State Health Dept. Warns About Contaminated Mexican Cactus

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State health officials have issued a warning that cactus pads – or nopales, a favored ingredient in Mexican cuisine – for sale in California may have been sprayed with dangerous pesticides.


A file photo of nopales, cactus pads used in Mexico cooking.

The contaminated cactus was treated with unapproved pesticides in Mexico and then sold at several stores throughout California, including three in Los Angeles, the state health department announced Sunday.

Routine testing found evidence of Monocrotophos, a pesticide that has been banned in the U.S. since 1989, according to the California Department of Public Health.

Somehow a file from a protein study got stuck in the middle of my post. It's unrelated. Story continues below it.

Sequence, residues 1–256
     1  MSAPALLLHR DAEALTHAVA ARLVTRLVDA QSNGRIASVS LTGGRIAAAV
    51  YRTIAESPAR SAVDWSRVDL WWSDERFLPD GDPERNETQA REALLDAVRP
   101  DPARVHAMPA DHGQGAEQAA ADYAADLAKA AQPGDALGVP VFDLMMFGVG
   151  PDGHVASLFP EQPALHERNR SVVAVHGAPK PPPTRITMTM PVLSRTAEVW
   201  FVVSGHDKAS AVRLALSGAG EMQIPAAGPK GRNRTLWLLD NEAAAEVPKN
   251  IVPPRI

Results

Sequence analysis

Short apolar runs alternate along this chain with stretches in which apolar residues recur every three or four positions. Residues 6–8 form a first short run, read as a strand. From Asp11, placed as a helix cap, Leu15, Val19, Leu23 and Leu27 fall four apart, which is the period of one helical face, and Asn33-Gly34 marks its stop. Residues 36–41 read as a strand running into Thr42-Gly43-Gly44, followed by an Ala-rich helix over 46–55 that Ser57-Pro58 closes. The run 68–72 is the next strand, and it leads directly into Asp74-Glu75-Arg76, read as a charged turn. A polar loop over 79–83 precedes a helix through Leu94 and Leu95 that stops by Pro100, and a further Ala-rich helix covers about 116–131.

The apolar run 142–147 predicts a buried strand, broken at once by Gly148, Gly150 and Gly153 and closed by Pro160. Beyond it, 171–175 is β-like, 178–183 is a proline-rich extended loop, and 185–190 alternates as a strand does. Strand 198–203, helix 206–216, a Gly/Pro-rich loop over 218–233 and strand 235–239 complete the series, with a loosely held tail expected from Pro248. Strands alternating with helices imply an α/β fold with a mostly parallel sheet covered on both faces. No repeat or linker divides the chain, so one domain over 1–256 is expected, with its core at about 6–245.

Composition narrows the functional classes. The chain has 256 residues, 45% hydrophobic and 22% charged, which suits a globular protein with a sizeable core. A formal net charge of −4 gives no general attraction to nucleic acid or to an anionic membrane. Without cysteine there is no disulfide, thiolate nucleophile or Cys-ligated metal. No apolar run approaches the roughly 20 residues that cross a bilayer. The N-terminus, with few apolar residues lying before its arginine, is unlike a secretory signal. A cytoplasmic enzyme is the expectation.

Consumption of Monocrotophos can lead to neurotoxicity and permanent nerve damage, the department stated.

Symptoms of poisoning include sweating, headache, weakness, nausea, vomiting, hypersalivation, abdominal cramps and diarrhea. No illnesses had been reported as of Sunday.

State regulators said they destroyed as much of the contaminated product as could be located at stores and distribution facilities.

The contaminated cactus was sold at the following locations and dates in Southern California:

  • La Sucursal Produce on Central Avenue in Los Angeles on Feb. 6;
  • Fresh American Produce on Mission Road in Los Angeles on Feb. 7; and
  • J&L Produce on Central Avenue in Los Angeles on Feb. 6.

In Central and Northern California, locations in Concord, Sacramento, Stockton, Woodland and Pittsburg also sold the cactus. More information is at the CDPH website.

Consumers who purchased the cactus should return it or throw it away.

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